While negotiation of treatment decisions in the medical visit has long been recognized as an important interviewing skill, limited work has been done to investigate how doctors and patients negotiate what information is relevant in understanding the patient's problem. In this research we tested how the introduction of information reflecting both the patient's and physician's perspective is related to the patient's adherence to physician recommendations for medication. Introduction of information was defined as bi-directional if patients independently offered information of behavior as frequently as they provided the information or exhibited behavior that physicians requested. Thirty random samples of audiotaped dialogue were used to construct estimates of introduction of information during the history, examination, and consultation phases of initial ambulatory care visits of 45 older male patients. The data demonstrate that bi-directional introduction of information during the examination segment explains more than half of the variance in patient adherence to physician recommendations for new medication. These findings support the idea that physician willingness to allow patients to contribute input may contribute to the partnership's arrival at treatment decisions that have meaning for both.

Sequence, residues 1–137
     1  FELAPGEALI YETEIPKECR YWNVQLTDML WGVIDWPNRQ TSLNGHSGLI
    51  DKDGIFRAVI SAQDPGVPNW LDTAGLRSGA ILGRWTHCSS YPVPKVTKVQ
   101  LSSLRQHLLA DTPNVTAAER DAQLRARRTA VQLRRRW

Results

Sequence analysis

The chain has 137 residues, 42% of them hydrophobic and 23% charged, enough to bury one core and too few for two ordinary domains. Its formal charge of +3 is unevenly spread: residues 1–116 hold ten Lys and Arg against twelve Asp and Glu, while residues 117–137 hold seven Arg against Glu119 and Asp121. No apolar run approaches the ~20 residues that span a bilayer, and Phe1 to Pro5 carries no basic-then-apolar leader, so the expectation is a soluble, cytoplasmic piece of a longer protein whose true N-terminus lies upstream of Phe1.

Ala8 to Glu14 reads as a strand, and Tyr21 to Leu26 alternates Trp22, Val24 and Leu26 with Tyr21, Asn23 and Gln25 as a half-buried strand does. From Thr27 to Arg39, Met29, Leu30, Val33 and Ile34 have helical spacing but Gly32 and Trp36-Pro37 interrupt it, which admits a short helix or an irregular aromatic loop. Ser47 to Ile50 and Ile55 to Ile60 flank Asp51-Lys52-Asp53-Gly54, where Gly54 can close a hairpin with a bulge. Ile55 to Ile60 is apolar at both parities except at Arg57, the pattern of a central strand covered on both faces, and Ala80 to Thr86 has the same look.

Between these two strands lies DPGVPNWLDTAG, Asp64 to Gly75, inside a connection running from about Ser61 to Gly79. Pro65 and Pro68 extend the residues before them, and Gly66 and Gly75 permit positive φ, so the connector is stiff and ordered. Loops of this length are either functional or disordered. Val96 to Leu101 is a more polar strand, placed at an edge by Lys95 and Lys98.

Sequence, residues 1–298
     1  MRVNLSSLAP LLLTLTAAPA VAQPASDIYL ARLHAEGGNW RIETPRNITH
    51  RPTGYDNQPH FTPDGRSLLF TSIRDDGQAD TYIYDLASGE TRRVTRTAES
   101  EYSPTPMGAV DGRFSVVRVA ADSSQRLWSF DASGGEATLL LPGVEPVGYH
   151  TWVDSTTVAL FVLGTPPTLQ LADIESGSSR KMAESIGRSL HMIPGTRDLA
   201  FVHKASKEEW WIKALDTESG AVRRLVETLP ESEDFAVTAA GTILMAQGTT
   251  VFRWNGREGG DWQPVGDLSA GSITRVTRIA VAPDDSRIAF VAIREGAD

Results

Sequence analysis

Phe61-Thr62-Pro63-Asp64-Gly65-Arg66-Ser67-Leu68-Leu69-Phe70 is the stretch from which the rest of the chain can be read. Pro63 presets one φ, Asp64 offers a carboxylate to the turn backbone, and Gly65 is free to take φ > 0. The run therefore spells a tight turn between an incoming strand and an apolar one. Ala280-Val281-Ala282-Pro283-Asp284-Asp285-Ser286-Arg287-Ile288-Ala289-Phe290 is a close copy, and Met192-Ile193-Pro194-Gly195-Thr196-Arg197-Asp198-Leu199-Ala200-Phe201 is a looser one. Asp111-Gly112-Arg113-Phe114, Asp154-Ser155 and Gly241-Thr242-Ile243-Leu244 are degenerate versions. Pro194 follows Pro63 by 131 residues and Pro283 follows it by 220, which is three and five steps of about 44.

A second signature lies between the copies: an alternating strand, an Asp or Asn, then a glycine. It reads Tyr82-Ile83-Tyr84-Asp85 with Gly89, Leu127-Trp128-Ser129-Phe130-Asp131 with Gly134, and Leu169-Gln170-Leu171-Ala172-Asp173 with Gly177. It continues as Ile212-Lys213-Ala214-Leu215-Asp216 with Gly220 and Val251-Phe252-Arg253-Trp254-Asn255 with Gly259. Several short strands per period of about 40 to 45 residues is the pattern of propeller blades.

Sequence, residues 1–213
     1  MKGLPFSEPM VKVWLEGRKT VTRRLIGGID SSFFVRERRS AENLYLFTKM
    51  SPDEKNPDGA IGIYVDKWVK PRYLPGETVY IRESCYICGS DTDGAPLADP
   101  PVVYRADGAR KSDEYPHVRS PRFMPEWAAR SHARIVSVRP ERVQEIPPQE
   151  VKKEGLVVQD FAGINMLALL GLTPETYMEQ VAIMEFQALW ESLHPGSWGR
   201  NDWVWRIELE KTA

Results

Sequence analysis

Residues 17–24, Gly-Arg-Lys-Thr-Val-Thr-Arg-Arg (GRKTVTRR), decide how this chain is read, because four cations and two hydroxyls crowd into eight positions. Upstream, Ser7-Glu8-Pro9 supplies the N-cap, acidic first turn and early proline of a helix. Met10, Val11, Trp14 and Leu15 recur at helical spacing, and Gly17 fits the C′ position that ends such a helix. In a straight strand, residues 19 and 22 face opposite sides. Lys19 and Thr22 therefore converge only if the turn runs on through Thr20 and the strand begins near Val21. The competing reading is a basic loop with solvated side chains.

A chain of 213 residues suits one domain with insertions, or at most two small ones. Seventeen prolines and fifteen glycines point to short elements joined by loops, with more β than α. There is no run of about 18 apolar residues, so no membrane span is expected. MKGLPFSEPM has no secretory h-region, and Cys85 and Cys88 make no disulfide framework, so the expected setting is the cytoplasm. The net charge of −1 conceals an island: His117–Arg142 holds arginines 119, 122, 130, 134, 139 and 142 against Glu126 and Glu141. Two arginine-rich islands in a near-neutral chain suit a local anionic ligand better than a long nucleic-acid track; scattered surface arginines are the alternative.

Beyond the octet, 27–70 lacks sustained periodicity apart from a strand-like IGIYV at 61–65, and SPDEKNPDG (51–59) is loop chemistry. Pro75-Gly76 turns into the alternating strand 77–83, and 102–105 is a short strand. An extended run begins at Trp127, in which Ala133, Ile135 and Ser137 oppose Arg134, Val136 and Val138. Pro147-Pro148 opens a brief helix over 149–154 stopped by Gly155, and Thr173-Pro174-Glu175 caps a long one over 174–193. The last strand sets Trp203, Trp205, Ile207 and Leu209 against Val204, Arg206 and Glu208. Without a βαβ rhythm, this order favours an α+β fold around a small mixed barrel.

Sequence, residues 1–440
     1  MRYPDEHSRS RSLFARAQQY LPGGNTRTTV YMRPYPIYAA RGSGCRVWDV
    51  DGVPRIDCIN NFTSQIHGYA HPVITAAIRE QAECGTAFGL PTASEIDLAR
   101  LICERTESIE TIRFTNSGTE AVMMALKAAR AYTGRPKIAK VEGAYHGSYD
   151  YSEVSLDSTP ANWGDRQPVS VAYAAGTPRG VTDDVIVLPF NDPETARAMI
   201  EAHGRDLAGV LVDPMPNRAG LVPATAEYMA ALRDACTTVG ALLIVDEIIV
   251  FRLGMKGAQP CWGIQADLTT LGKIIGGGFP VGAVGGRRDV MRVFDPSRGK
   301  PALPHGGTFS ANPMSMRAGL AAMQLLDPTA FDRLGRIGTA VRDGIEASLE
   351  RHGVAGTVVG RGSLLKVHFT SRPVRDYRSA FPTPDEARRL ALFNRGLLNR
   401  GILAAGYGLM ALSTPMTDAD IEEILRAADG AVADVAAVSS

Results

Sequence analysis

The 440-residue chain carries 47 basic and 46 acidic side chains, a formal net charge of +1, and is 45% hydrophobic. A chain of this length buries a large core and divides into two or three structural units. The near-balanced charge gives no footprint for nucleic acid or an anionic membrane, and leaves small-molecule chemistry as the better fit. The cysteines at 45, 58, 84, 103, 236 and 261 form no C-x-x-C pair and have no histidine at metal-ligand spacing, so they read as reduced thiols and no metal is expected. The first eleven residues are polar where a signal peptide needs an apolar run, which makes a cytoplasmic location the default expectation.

- medical interview
- patient participation
ASJC Scopus subject areas
- Health(social science)
- History and Philosophy of Science